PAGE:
Join me Monday, August 23 on Jazz from the French Market as we look back on the musical presence of Clyde Kerr Jr. who passed away a couple of weeks ago. We'll talk in-studio with Jonathan Bloom, Education Coordinator for the Thelonius Monk Institute of Jazz at Loyola University, about the musical education legacy of Mr. Kerr. We'll hear from Mr.
"Dear New Orleans," is a digital music compilation to benefit local nonprofits including Sweet Home New Orleans and the Gulf Restoration Network. Download the 31 New Orleans-inspired tracks now at www.dearno.la.
Caught some great music last night. First up, Matt Perrine, Paul Sanchez and John Rankin at the Columns hotel. I believe John Rankin has a regular gig at the Columns( don't hold me to that) but on this night, he had two accomplices elevating the music to an even better level.
This has been, for this show host, a summer of pursuit. Mostly of music. But who has been pursuing whom? Everywhere I've gone-Montreal, New York, Belo Horizonte, Sao Paulo, even Brasilia (often considered as dry and flat culturally as it is physically)-has had its own Jazz Festival. More on all that later.
Jazz singer, actress, and civil rights activist Abbey Lincoln passed away on August 14 at the age of 80. Her singing career spanned several decades, and although her vocal style was influenced by Billie Holiday, she often gravitated towards modern music — including her own material — with a particular focus on civil rights.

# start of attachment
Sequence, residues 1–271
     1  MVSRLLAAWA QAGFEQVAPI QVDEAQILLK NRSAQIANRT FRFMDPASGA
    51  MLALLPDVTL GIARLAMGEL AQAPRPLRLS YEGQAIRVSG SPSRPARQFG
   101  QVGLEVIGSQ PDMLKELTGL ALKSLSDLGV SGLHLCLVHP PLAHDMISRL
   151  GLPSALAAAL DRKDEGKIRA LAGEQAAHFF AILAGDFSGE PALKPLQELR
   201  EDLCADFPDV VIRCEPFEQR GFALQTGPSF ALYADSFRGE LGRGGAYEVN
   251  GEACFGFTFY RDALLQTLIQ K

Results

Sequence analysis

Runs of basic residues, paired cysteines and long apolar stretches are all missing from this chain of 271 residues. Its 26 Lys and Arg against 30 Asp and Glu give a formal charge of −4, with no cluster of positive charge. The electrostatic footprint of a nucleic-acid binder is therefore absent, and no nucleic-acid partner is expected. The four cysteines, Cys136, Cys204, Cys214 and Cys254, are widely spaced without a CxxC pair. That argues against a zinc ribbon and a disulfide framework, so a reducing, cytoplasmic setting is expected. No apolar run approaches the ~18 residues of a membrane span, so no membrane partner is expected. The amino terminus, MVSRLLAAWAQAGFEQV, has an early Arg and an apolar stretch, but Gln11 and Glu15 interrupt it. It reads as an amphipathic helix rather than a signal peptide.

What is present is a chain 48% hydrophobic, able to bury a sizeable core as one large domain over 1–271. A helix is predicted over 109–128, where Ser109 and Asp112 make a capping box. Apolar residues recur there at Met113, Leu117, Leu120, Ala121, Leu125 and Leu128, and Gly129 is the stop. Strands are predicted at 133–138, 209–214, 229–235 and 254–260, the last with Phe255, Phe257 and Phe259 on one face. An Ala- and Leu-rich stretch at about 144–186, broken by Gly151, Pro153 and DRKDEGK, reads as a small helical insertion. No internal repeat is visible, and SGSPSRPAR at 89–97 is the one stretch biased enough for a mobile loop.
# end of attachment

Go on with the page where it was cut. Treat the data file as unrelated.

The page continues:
On the 5th anniversary of Hurricane Katrina, WWOZ expresses its gratitude to the "Katrina Network" of community radio stations that helped us stay on air in the months after the storm. Also, check out our updated list of Katrina Anniversary events happening in the greater New Orleans area.
Tune into the New Orleans Music Show, this Wednesday - August 18th, 11am to 2pm, as we celebrate and remember the life and work of Herman Leonard. The program will include interview excerpts from "Life is a One Way Ticket" (see below) and music of the artists that Herman Leonard photographed.
Herman Leonard, whose iconic photos of Louis Armstrong, Billie Holiday, Dexter Gordon and many more helped define the world's view of this American art form, passed away on August 14. The former New Orleans resident lost his print archive after Hurricane Katrina, but the negatives survive at the Ogden Museum of Southern Art.